Within the Northwest, hydroelectric projects can generally be placed in two major categories: storage and run-of-river projects.
The key to a storage project is the ability to adjust the river’s natural flow patterns to more closely mirror when electricity is in greatest demand. For example, more water is released to generate electricity in the morning hours when lights are turned on and hot showers are taken.
Storage projects also help adjust flow patterns because water does not flow through the river system at the same rate twelve months a year. In fact, in the Northwest 60% of runoff occurs from May through July. By storing water in reservoirs, water can be released when supply is less plentiful during the late summer, fall and winter months. Storing water is also helpful in meeting irrigation and flood control needs.
Run-of-river projects, on the other hand, allow water to pass through a facility at about the same rate the river is flowing. Generally, such projects are relatively small in size, generating 30 MW or less of electricity. For larger run-of-river projects, water that can back-up behind them is called pondage and can vary river elevation three to five feet during normal operation. With these more mild changes in river elevation, some run-of-river projects are also able to support barge navigation over rapids and other obstacles.
Source: U.S. Bureau of Reclamation, U.S. Army Corp of Engineers, and Bonneville Power Administration. The Columbia River System: The Inside Story, Portland OR, 1991, p.9
As the graphic of Storage and Run-of River Projects shows, storage projects offer greater flexibility in meeting the multiple needs of flood control, power generation, irrigation and navigation. As discussed in the environmental section, however, some of the most contentious environmental issues are associated with storage projects.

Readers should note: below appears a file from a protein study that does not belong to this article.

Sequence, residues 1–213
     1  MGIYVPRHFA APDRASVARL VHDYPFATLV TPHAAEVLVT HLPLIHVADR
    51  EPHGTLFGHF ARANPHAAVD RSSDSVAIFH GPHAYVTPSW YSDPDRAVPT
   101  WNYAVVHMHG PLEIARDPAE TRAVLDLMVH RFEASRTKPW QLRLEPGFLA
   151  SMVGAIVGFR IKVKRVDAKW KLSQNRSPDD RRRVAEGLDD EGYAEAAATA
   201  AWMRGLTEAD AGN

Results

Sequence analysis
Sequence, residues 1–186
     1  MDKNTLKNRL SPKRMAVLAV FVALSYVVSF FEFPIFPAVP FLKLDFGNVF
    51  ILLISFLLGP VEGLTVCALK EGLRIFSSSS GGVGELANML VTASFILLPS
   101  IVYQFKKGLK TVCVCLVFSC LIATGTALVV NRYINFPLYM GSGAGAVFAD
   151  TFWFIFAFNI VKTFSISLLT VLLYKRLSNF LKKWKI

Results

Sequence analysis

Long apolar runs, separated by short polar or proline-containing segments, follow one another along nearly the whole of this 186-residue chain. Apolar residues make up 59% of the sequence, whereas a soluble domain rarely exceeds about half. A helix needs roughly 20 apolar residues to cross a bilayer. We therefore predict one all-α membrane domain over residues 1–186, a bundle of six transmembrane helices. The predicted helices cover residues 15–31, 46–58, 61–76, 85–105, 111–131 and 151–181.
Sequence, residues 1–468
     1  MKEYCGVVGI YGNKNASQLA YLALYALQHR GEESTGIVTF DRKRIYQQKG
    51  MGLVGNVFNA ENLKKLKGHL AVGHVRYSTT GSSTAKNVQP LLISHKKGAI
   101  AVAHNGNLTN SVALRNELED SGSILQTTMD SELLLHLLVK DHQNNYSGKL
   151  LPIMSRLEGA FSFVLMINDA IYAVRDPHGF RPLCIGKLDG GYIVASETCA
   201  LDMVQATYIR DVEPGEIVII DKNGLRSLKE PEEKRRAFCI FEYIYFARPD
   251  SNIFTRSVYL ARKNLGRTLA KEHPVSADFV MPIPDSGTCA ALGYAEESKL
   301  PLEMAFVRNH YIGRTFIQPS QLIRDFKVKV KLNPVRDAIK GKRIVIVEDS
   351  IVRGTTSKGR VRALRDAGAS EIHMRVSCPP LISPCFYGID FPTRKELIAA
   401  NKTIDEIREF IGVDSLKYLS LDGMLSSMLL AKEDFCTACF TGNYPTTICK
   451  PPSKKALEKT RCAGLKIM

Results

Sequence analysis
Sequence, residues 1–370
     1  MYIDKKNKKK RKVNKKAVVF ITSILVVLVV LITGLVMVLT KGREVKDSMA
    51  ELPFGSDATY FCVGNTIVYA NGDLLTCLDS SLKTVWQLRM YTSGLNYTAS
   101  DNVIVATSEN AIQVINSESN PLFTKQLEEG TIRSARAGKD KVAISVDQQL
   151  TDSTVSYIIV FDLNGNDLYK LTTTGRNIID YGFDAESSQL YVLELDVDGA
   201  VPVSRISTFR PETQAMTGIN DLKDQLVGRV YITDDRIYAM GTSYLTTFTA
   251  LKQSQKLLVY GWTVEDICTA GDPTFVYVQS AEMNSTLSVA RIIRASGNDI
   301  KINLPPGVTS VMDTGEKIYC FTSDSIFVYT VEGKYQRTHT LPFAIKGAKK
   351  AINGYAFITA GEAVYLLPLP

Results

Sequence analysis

Although not common in the Northwest, pumped storage is another type of hydroelectric project. Here, some water that passes through a project is recaptured and pumped back up to a storage reservoir so it can be reused at another time.
Other distinguishing characteristics between projects are their generating capacity, location and structure. For instance, there are many more small projects (those that generate from 5 to 100 megawatts of electricity annually) than large projects (those that generate over 600 megawatts annually). Why projects differ so much in size and generating capacity largely depends on the flow rate of a river or tributary, whether a reservoir is used, the amount of elevation (head) that water is falling in order to spin a turbine, and environmental factors, such as fish passage, that affect daily operations.
In terms of a project’s physical structure, a link at the end of this section takes you to the hydro tours area of the home page. There, you can see both the major parts of a project and the specific parts that allow a turbine to spin and a generator to produce electricity. The turbine seen in the tour is a Kaplan design. Other designs, like the Francis turbine, which looks like a sideways paddle wheel, can be different. The specific type of turbine used at a project depends on the particular characteristics of that river.
Likewise, the number of turbines and generators used at a project relates to the size of a river or tributary and its potential to generate electricity. And finally, the environmental section reviews and provides graphics for how different projects incorporate different types of bypass facilities into their structures to assist upstream and downstream fish migration.
Because there is tremendous diversity between projects, people interested in learning more about a particular project or projects should contact the owner. At both federal and non-federal projects, tours, videos and print materials are often available.